For the love of money is a root of all kinds of evil. Some people, eager for money, have wandered from the faith and pierced themselves with many griefs.
1 Timothy 6:10
That verse has apparently become lost among the most conservative of Christians who continue to proclaim President Trump’s first year in office as a success. It’s high time it gets some more publicity.
The fact that so many far-right Christians continue to proclaim that Donald Trump is a champion of Christian values is, to me, easily the most troubling aspect of this bizarre administration. As more and more scandals come out, many of the most conservative Christians seem to be doubling down in their support of Trump. Most recently, Franklin Graham again spoke in defense of the president in the wake of Trump’s latest sex scandal involving a porn star. In his statement, Graham lauded the president for protecting Christian values. Really? When I think of all the examples of non-Christian behavior and attitudes displayed by the president in the first year of his term, I find that to be an absolutely preposterous claim.
Lately, whenever I have been involved in conversations with conservative Christians about the Trump administration I’ve begun to notice a common thread. When backed into a corner about the many scandals swarming around the Trump presidency, the one thing that most of them will hit back with is the economy. I’ve lost count of how many times I’ve seen them say, “yeah, but how’s your 401(k) doing?” in a smug manner as if they just dropped the mic and walked off the stage. How shallow can one get? They normally refuse to give the Obama administration a bit of credit for 8 years of steady economic growth. They fail or refuse to remember what an awful state our economy was in when Obama took office in 2009. That’s disappointing, but what is disturbing is how they are willing to overlook a multitude of un-Christian values simply because their retirement portfolio is in good shape at the moment. They are willing to ignore the fact that Trump’s economic policies are set up to help the very few mega-wealthy but do very little to provide for the needs of the multitudes of needy.
This begins to reveal one of America’s deepest, darkest problems; income inequality. At the root of that problem is greed–the love of money. I can think of no more classic example of one who loves money than President Trump, the man that ultraconservative Christians think is protecting their values.Let’s look at some numbers on our income inequality problem.
Estimates vary, but according to President Obama’s 2014 State of the Union Address, America’s wealthiest 1% control 40% of our nation’s wealth. The bottom 80% control only 7%. Those numbers are astounding. The fact that a high percentage of that bottom 80% were instrumental in getting Donald Trump elected is no less astounding–particularly since President Trump’s proposed policies only figure to widen income inequality.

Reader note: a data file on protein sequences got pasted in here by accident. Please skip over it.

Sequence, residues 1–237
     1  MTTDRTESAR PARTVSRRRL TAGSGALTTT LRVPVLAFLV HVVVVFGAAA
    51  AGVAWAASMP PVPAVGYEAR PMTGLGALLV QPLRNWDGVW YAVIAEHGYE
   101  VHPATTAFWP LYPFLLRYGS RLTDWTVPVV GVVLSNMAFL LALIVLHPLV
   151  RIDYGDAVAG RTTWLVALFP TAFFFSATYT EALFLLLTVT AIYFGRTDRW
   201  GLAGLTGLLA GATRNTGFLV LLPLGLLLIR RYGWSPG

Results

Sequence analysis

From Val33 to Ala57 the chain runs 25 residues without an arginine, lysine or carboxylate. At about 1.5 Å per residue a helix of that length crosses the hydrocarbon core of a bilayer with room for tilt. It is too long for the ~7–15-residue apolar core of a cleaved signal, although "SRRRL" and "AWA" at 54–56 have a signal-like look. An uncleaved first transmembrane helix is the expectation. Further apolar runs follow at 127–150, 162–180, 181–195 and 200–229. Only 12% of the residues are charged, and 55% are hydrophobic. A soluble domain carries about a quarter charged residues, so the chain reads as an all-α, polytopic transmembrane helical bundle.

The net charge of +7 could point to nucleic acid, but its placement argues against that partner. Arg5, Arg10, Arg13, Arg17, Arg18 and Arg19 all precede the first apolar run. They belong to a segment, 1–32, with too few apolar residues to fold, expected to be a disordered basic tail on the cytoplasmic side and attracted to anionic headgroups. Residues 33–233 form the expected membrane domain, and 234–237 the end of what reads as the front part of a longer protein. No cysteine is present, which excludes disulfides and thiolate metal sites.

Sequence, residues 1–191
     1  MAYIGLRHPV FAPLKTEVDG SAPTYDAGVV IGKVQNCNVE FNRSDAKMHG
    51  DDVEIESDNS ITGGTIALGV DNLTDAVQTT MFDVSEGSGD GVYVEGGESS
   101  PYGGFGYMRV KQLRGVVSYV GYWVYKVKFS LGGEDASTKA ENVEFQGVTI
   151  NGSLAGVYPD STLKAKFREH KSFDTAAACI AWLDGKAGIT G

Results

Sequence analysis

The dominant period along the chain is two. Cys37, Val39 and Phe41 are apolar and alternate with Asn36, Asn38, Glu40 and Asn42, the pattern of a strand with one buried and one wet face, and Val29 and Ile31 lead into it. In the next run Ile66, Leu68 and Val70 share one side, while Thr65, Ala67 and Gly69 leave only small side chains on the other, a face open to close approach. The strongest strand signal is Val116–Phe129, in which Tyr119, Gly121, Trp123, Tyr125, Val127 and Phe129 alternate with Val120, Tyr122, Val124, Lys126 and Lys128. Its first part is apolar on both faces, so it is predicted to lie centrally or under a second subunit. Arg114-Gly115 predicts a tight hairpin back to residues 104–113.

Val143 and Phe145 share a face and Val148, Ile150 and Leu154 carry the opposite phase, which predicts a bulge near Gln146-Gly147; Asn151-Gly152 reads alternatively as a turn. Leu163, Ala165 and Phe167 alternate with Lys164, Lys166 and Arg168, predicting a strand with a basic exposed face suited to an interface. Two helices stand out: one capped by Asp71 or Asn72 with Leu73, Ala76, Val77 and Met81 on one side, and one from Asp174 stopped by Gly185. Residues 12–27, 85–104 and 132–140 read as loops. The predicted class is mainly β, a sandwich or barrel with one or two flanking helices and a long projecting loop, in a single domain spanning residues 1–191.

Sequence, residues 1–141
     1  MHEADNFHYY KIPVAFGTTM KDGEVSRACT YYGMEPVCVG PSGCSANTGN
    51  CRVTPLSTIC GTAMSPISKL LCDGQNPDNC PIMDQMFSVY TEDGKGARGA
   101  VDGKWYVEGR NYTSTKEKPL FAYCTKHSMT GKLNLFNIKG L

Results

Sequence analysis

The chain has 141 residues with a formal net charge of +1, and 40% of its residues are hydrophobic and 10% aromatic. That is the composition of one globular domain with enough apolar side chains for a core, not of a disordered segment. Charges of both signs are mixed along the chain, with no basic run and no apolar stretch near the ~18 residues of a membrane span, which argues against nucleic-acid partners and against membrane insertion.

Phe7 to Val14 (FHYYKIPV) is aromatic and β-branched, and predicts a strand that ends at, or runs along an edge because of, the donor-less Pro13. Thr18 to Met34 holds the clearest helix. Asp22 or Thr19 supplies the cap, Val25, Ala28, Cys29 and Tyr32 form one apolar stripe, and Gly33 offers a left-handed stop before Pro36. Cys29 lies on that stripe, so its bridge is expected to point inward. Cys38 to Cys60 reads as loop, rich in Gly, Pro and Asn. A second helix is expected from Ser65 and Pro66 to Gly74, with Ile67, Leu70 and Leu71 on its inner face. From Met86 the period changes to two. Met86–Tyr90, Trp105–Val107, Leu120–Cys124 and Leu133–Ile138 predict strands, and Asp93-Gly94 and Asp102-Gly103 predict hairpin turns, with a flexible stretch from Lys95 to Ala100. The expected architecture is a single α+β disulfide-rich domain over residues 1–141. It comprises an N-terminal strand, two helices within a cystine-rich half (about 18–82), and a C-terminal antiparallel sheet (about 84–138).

Here are some more numbers to chew. There are approximately 124 million households in the United States. If wealth were divided equally among them, each household would have a net worth of around $760,000. Yet, in reality, the bottom half of U.S. households, 62 million of them, have an average net worth of $11,000–that’s an average of the bottom half, which means, of course, that millions of those households are worth much less than $11,000.
Income inequality isn’t just an American problem. Oxfam recently released a report that showed that the richest 1% of humans were the recipients of 82% of the wealth generated throughout the world in 2017. No, it’s not just an America problem, but as the nation with by far and away the largest economy per capita, the spotlight shines hottest upon us.
Our nation’s most conservative of Christians claim that Donald Trump is the protector and defender of the values of Jesus. Many of the values they speak of, Jesus said little or nothing about. But Jesus said a lot about money and nothing I know about Donald Trump makes me believe that he is protecting and defending what Jesus had to say about money.
“You cannot serve both God and money.” Luke 16:13
“Do not store up riches for yourselves here on earth, where moths and rust can destroy, and robbers break in and steal. Instead, store up riches for yourselves in heaven, where moths and rust cannot destroy, and robbers cannot break in and steal. For your heart will always be where your riches are.” Matthew 6:19-21
“It is easier for a camel to go through the eye of a needle, than for a rich man to enter the Kingdom of Heaven.” Matthew 19:24
Those are but a few examples. I can’t, for the life of me, understand how conservative Christians can justify their defense of the president based upon their current financial situation. It is as if they are literally saying that as long as they have money in the bank, nothing else matters.
How Christian is that?